A Navy spokesperson has confirmed to news reporters that several service members in the Navy have tested positive for hard drugs including methamphetamines and cocaine. Ten of these individuals are U.S. Navy SEAL team members, and one implicated individual is a sailor in the Navy’s special warfare unit.

These eleven service members tested positive during routine drug testing conducted in March and April of 2018, and the Navy has confirmed that the members will be discharged from service.

Commander Tamara Lawrence released a statement confirming rumors. The Commander reinforced the Navy’s zero-tolerance policy, and she reassured the public that illegal drugs are not compatible with the special warfare unit’s policies and goals.

Illicit drugs have become a growing problem within special Naval units. In 2016, various news outlets reported on drug problems within the East Coast Naval center. The U.S. Navy SEAL unit was specifically investigated when reports came out about multiple sailors testing positive.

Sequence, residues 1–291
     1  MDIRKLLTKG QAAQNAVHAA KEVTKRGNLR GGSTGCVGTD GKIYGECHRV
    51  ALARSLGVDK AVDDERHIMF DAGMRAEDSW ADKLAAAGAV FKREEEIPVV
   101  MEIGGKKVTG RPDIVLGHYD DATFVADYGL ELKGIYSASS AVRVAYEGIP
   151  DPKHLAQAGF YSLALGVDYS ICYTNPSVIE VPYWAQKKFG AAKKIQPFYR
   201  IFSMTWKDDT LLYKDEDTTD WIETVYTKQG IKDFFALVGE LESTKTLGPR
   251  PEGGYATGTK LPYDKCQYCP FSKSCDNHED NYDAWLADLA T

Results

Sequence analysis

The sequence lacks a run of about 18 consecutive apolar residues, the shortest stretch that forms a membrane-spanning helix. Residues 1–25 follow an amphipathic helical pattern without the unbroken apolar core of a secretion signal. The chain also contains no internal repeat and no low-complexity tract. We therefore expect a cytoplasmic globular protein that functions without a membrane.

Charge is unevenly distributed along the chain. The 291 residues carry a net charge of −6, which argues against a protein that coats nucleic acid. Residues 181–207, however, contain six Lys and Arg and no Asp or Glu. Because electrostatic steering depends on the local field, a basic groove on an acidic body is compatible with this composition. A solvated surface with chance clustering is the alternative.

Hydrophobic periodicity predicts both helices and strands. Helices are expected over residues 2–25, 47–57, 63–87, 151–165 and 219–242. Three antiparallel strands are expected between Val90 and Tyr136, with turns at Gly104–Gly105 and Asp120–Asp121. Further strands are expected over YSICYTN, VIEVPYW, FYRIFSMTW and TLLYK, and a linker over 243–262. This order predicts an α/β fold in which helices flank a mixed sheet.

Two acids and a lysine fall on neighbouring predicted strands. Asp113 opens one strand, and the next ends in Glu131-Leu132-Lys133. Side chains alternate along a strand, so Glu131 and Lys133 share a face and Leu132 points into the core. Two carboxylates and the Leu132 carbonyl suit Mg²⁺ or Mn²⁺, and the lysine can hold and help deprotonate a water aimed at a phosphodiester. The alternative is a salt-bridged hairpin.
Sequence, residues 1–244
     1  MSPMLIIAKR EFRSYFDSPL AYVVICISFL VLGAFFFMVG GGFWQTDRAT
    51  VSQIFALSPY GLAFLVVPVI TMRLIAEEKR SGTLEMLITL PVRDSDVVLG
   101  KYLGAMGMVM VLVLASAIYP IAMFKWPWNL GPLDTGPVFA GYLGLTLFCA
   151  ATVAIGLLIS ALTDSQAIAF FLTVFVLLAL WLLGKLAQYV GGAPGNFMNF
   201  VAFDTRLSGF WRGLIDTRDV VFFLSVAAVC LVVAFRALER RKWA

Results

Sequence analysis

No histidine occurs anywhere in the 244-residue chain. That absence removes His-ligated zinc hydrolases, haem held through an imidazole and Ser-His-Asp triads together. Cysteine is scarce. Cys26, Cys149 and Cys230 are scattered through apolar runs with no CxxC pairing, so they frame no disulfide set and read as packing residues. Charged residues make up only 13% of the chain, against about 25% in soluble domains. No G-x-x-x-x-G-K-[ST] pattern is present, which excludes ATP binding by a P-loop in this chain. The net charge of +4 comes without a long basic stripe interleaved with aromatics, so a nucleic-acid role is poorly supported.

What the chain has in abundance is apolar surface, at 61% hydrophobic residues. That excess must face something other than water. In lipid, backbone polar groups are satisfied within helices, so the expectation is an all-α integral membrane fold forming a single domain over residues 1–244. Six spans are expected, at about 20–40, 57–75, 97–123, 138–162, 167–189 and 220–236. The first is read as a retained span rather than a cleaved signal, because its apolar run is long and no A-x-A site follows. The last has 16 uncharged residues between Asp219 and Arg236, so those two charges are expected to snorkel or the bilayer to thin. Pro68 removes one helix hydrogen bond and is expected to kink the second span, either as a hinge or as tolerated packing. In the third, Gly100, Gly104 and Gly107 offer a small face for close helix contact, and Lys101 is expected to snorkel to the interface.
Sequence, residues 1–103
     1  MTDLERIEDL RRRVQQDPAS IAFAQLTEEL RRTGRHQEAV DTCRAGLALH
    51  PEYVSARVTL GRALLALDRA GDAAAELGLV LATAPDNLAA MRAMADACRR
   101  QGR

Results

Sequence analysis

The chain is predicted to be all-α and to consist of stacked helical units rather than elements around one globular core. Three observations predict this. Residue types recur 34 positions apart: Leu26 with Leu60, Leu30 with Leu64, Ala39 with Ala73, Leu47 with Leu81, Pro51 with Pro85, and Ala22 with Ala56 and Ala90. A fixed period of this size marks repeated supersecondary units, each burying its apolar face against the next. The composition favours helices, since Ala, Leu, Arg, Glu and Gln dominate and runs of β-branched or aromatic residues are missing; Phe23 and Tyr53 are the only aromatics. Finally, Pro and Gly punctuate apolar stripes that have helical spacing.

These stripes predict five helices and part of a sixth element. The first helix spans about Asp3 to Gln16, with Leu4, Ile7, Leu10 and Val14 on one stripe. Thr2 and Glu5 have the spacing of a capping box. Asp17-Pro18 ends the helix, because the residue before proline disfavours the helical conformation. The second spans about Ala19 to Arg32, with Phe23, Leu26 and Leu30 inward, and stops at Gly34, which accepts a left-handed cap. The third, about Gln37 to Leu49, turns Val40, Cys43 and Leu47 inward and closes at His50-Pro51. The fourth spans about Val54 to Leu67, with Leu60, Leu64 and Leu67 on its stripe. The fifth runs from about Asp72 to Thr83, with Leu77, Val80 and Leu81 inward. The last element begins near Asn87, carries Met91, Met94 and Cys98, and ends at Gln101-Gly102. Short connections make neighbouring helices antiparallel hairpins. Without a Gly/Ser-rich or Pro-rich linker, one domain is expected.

In April of 2017, one Navy SEAL whistleblower spoke to CBS News about the problem. He explained that speaking against drug use was considered a “career killer.” This issue became even more widespread when several Congressional members expressed grave concern about U.S. special-operations units. Congress worried that the military was becoming too reliant on these types of units, and service members were being forced to a breaking point. Navy SEAL team members are expected to undertake multiple deployments, sometimes every six months, and very rarely get to break from their extreme routines. While lawmakers have attempted to propose multiple different solutions, it appears that Navy SEAL members are still dealing with increasing wear and tear due to excessive use of their services.